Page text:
Norwegian Language Blog

norske adjektiver Posted by on Mar 17, 2009 in Language

You were probably wondering when I would get into adjectives.  Today is your lucky day!  Don’t worry-they really aren’t that painful.  I’ve said before that pronunciation is the most difficult part of learning the Norwegian language and the grammar is the easy part.  Adjectives are no exception to this rule.  As long as you follow a few simple rules, you should be ok.

As you probably already know, there are 3 genders in the Norwegian language: female, male, and neuter.  When a noun is single and either feminine or masculine, the adjective remains the same.  For example, if you want to talk about a red car (en rød bil), red remains rød and in ei blå klokke, blue remains blå. 

However, if the singular noun is neuter and you want to describe it with the adjective ‘big’ (stor), in the case of a big tree et stort tre (a big tree), stor becomes stort.  Let’s try another example of a singular neuter noun: et kjøkken (a kitchen) that you want to describe as long (lang), you would say et langt kjøkken.  So the rule is that if you want to describe a singular neuter noun, the adjective will get a ‘t’ at the end.  Don’t ask why it’s a ‘t’ because I’m not sure there is a good reason.

Now, let’s move on to the plural form of nouns and how that affects adjectives.  If we want to describe two red cars (notice this would be indefinite plural since we are not specifying which 2 red cars), we will add an ‘e’ to the adjective and an ‘er’ to the end of the noun (as long as the noun is feminine or masculine-remember neuter nouns in the plural do not obtain anything extra in the indefinite form) —to røde biler.  Another example would be 3 blue clocks-tre blåe klokker.  If we want to describe 4 big children we would say fire store barn (note the lack of added letters to the word ‘barn‘).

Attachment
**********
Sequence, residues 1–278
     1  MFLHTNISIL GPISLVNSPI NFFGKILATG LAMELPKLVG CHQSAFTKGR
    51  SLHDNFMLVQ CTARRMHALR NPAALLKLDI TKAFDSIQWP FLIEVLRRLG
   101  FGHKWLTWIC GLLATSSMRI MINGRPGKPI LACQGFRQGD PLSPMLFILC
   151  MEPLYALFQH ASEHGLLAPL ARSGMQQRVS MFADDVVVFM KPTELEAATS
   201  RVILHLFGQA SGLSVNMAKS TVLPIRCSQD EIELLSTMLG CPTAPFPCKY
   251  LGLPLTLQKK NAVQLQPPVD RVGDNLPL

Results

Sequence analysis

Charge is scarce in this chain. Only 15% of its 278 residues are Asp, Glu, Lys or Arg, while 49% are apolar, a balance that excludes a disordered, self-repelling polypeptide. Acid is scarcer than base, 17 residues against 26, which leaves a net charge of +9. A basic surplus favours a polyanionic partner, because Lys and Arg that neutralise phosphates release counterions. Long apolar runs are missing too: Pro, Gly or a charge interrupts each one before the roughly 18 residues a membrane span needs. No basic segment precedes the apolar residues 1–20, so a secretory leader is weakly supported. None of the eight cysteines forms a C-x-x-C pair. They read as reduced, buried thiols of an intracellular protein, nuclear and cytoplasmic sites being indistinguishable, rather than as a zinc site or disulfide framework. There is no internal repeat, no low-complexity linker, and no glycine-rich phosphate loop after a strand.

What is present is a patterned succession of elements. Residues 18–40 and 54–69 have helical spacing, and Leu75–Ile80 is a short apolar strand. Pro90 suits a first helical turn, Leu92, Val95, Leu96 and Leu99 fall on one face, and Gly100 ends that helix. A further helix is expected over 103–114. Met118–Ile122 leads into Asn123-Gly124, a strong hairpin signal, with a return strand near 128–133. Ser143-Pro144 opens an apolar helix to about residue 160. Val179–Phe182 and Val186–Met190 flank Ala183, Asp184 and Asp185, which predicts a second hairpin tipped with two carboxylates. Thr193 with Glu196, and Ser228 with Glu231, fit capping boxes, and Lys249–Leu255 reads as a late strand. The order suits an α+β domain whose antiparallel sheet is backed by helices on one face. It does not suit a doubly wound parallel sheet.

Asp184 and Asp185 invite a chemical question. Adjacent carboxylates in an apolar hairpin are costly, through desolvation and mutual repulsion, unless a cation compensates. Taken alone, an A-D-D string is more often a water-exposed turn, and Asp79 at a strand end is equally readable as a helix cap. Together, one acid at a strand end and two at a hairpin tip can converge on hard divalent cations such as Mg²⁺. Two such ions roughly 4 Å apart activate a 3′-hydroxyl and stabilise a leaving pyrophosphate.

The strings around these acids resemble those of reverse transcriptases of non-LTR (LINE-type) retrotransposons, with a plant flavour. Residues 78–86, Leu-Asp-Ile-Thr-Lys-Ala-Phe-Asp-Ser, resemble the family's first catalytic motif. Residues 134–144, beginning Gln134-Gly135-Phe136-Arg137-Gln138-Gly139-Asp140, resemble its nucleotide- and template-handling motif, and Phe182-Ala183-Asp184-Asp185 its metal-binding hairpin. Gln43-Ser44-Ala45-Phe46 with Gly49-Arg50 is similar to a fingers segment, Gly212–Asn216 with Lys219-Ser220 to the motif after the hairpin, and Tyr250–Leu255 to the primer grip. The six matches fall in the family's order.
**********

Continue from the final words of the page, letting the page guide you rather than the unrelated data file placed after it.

So what about describing nouns in the definite plural form?  Whether the noun is feminine, masculine, or neuter, the format is going to be the same.  The yellow balls (de gule ballene), the nice men (de snille mennene), or the mean women (de slemme kvinnene).  Notice the ‘de’ in front of the adjective-this represents ‘the.’  The ‘ene’ at the end of the adjective just reaffirms that we are talking about the definite plural form. 

Pretty simple, huh?  The only thing that gets a little confusing is the exceptions to the rule.  You knew there would be exceptions, right?  One example that comes to my mind is the adjective vakker (pretty).  In the singular form, the adjective remains the same regardless of the gender of the noun.  However, when you make the adjective plural, it becomes  vakre.  There are several other irregular adjectives like this, but you will learn them as you go.  I promise.



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About the Author: kari

I attended St. Olaf College in Northfield, MN, where I majored in Norwegian and History. During college, I spent almost a year living in Oslo, Norway, where I attended the University of Oslo and completed an internship at the United States Embassy. I have worked for Concordia Language Villages as a pre-K Norwegian teacher and have taught an adult Norwegian language class. Right now, I keep up by writing this Norwegian blog for Transparent Language. Please read and share your thoughts! I will be continuing this blog from my future residence in the Norwegian arctic!


  1. frezgi tesfamichael:

    since i have been 6 monthes in norwey but i started to learn from byki but i really developed my skills even i have study other books.especially the difference b/n DA da excellent description thanks for all